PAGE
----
On February 25, the mayor of Jackson, Mississippi, Chokwe Lumumba, died due to heart failure. He had battled prostate cancer, and complained of chest pains before going to St. Dominic's hospital. He was mayor for less than a year.
When I lived in Jackson, Mississippi, Lumumba was my city councilman. One night while getting cold medicine at a neighborhood Walgreens after 1 a.m., I ran into Lumumba at the checkout counter. He called me by my first name, despite the fact that I had lived in his ward for less than a year. When I worked as the communications director for local attorney Patricia Ice's unsuccessful city council bid in 2011, Lumumba gave me his cell phone number and told me to call him whenever I needed to rely on his political network to drum up volunteer canvassers. Rather than simply mourning Chokwe Lumumba's passing, this column will celebrate his contributions.
In 2011, when the Mississippi legislature was attempting to pass a replica of Arizona's anti-immigrant SB 1070, Councilman Lumumba authored a resolution that would prohibit Jackson police officers from engaging in racial profiling. While the resolution didn't pass, it was a symbolic gesture and calculated political move made as a means of pre-empting the legislature's anti-immigrant bill should it pass (it didn't).
That same year, Attorney Lumumba successfully freed his clients, Jamie and Gladys Scott, after they had spent almost 16 years in jail for aiding a robbery in which a negligible amount of money, between $11 and $200, was stolen. The Scott Sisters had never committed any prior crimes, and the actual robbers took a plea deal after naming the Scott Sisters as their accomplices. Lumumba led a march of about 1,000 people through downtown Jackson in the days leading up to the Scott Sisters' release, putting pressure on Gov. Haley Barbour to grant clemency as his name was in the national spotlight as a possible 2012 presidential candidate.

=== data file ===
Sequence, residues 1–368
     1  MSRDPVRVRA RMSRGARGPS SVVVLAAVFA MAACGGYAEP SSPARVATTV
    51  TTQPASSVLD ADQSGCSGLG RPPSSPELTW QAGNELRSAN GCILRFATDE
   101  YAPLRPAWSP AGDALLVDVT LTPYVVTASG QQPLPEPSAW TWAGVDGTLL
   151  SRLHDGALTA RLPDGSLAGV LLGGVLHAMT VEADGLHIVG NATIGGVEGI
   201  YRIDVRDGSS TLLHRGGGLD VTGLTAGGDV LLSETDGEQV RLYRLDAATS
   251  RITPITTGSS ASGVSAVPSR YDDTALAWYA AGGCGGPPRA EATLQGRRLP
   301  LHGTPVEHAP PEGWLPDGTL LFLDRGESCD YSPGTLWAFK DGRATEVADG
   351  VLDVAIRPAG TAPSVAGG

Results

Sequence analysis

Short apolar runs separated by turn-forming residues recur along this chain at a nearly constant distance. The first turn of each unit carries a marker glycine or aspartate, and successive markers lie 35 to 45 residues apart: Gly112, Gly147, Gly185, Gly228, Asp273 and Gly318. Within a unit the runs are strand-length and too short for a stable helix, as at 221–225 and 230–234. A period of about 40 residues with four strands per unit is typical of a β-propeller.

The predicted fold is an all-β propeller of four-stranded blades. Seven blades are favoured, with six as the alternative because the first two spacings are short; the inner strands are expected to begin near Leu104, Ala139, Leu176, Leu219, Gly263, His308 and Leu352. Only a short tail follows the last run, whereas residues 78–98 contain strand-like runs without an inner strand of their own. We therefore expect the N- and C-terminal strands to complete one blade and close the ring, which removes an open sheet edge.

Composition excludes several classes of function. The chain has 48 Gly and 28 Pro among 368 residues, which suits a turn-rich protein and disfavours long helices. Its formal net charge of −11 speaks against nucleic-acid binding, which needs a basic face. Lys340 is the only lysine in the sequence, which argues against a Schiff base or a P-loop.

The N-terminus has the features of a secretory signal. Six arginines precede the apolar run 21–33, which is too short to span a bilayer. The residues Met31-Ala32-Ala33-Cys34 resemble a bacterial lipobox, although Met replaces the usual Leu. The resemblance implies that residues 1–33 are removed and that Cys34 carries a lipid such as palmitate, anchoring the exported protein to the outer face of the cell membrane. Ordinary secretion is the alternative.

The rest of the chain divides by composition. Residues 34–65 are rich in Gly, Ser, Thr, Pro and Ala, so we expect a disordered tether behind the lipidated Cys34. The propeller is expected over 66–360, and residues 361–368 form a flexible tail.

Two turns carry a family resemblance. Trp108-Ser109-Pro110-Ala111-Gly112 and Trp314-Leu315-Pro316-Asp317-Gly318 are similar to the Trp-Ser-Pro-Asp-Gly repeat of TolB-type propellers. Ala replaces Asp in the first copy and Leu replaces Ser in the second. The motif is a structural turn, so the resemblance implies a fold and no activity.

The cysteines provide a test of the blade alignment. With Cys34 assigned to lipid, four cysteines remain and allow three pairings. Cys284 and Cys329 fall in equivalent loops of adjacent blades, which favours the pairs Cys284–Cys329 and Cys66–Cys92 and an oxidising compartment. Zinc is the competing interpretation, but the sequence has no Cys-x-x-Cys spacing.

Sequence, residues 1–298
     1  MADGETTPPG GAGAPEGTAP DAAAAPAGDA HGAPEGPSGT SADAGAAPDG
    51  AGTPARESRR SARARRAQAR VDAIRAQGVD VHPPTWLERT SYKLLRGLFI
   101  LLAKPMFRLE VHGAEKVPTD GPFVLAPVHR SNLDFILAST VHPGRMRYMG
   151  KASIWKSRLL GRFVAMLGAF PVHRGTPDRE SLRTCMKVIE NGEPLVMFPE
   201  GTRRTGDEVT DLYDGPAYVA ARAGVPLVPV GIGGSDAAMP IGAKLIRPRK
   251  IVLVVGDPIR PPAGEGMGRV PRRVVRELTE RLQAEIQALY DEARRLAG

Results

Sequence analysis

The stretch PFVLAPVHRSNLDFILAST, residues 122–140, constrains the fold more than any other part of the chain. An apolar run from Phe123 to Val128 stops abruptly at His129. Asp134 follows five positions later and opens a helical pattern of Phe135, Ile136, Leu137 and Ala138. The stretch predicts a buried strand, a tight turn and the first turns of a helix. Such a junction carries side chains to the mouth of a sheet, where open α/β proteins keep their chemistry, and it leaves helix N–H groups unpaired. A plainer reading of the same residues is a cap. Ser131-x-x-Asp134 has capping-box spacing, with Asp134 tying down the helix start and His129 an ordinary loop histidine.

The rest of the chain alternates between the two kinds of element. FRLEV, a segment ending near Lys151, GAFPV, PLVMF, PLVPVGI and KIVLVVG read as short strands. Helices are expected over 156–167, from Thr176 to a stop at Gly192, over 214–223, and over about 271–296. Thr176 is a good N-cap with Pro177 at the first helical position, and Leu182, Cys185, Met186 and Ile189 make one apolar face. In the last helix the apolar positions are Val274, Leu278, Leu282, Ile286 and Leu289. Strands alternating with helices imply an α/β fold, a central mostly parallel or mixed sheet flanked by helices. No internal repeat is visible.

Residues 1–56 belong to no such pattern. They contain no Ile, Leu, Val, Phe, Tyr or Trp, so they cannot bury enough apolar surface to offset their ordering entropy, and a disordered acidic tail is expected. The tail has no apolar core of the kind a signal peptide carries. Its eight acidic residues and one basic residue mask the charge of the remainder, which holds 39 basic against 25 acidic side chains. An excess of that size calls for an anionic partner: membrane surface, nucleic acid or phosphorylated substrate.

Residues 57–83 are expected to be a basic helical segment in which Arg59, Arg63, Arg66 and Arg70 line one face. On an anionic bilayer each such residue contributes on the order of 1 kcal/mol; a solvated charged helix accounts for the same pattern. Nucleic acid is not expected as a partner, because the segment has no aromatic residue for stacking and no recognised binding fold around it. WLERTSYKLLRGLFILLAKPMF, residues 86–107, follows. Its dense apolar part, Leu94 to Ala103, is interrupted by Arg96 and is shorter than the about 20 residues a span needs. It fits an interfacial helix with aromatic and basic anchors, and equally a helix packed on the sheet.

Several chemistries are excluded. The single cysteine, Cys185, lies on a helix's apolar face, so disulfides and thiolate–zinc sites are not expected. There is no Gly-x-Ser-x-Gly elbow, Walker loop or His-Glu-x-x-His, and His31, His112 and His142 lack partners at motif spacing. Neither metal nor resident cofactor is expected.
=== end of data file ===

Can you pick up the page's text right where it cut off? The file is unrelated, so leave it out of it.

Chokwe Lumumba was a longtime civil rights attorney who was moved to start his political career following the assassination of Martin Luther King Jr. In 1969, he changed his name from Edwin Taliaferro, which he called his "slave name," to a name commemorating both the Chokwe tribe from Central Africa that fought slavery, and slain African independence leader Patrice Lumumba. He would later become Vice President of the Republic of New Afrika -- an organization advocating for Louisiana, Mississippi, Alabama, Georgia and South Carolina to become one independent black nation. The RNA believed that without an independent black state, America's black citizens would never be represented in government.
While enrolled at Wayne State in 1969, Lumumba led a protest against what he alleged was a discriminatory grading system by WSU faculty. The protest turned into an occupation of the law school's administrative building, and he and 18 students would later sue the administration demanding the reinstatement of students who were failed, and an anonymous grading system to prevent further discrimination.
Lumumba told the Jackson Free Press in 2009:
Everybody got back in, and everybody but two people finished and became lawyers. Some of them became top-notch, well-respected lawyers. One of them is one of the best communication lawyers in the country. He was the one that had the lowest grade.